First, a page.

In a unanimous opinion filed today (June 25, 2014) The United States Supreme Court has ruled that a warrant is required before police may search information on a cell phone even when the cell phone was seized incident to arrest.
The opinion, Riley v. California, authored by Chief Justice Roberts, declined to follow the reasoning of United States v. Robinson, 414 U.S. 218 (1973) (in which a cigarette pack found on Robinson after his arrest was searched and drugs were found). "Digital data stored on a cell phone cannot itself be used as a weapon to harm an arresting officer or to effectuate the arrestee's escape."
Chief Justice Robert's opinion is worth a read. Here is an excerpt:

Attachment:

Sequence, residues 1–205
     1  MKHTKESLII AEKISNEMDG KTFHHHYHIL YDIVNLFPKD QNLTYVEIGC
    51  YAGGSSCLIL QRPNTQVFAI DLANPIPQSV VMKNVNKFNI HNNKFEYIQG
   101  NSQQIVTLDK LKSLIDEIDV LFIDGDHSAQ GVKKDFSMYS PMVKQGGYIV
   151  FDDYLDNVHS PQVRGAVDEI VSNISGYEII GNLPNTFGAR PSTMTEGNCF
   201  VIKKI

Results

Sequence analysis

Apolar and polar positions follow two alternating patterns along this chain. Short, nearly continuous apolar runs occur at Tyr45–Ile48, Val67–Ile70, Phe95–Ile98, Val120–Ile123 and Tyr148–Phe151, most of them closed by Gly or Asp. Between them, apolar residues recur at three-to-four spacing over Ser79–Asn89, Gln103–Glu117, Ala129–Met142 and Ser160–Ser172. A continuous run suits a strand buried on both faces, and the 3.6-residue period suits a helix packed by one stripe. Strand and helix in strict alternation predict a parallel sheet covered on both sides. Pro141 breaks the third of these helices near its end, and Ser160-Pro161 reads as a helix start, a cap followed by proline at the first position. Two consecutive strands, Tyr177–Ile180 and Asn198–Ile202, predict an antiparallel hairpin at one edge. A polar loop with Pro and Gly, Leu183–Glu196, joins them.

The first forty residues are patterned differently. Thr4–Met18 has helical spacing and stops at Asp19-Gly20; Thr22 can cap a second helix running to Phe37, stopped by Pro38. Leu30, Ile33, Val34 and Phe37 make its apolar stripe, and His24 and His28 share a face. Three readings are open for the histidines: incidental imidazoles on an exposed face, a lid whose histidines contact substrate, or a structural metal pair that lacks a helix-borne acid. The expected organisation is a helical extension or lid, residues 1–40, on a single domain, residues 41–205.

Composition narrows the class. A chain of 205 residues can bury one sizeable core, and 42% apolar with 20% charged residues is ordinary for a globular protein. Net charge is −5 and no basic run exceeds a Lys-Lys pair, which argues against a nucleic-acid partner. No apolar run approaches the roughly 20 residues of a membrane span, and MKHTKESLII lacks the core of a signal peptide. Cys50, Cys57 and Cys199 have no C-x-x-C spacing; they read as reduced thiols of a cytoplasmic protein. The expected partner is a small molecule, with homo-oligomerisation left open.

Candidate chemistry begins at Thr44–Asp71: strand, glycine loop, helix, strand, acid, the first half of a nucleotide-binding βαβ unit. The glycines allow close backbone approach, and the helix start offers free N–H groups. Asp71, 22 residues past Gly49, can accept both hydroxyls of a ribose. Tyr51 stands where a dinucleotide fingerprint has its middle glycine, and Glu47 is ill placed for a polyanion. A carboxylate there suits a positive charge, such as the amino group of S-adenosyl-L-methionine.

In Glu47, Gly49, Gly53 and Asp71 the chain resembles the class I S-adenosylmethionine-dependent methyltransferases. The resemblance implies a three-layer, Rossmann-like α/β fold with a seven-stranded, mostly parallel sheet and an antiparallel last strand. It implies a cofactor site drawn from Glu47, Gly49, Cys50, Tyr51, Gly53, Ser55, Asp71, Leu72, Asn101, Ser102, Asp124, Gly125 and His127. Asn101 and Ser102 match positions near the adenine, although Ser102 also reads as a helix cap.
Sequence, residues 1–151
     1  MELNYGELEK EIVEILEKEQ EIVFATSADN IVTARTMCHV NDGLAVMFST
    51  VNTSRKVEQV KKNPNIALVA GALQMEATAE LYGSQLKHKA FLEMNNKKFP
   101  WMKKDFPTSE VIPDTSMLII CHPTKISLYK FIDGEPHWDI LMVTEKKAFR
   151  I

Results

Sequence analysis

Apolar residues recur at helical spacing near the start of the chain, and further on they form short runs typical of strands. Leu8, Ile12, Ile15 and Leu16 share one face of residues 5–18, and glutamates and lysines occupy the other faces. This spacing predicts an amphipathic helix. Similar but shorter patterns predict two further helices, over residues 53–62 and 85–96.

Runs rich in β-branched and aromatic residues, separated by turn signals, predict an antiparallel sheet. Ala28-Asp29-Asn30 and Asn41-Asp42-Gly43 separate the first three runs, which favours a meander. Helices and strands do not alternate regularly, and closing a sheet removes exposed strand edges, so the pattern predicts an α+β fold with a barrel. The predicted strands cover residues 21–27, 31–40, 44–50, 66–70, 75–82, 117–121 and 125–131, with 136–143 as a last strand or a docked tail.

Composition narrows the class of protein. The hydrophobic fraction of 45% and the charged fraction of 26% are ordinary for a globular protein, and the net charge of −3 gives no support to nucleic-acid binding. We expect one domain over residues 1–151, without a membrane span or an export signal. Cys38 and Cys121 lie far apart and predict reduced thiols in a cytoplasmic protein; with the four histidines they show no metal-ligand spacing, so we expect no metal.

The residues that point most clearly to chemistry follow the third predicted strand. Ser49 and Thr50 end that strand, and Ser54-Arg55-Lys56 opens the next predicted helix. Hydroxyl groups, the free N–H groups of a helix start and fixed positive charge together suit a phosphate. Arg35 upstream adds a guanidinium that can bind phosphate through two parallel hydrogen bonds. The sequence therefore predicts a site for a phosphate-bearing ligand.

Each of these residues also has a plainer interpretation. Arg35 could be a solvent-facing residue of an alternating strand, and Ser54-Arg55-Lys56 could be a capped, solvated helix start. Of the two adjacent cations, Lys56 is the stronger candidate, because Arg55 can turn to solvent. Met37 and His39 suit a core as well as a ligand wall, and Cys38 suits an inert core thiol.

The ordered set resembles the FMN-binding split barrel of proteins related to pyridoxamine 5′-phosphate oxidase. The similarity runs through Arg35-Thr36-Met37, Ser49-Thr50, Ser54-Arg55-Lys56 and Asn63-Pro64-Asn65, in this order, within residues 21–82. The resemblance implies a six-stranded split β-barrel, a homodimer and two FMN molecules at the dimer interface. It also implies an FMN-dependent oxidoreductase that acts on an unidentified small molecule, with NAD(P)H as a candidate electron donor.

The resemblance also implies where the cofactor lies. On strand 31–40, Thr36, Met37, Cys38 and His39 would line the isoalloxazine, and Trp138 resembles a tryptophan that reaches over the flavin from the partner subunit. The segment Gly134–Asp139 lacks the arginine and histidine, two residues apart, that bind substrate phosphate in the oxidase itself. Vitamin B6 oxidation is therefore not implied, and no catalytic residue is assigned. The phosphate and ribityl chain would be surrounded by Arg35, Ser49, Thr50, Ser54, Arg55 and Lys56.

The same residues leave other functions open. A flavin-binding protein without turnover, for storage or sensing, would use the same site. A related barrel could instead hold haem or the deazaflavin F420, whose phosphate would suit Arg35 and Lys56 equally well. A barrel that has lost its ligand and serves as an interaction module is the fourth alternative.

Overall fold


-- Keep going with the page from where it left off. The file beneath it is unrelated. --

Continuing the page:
The United States asserts that a search of all data stored on a cell phone is "materially indistinguishable" from searches of these sorts of physical items (billfolds and address books, etc.). (citing to the brief for the United States). That is like saying a ride on horseback is materially indistinguishable from a flight to the moon. Both are ways of getting from point A to point B, but little else justifies lumping them together. Modern cell phones, as a category, implicate privacy concerns far beyond those implicated by the search of a cigarette pack, a wallet, or a purse.
So keep on rocking in the free world!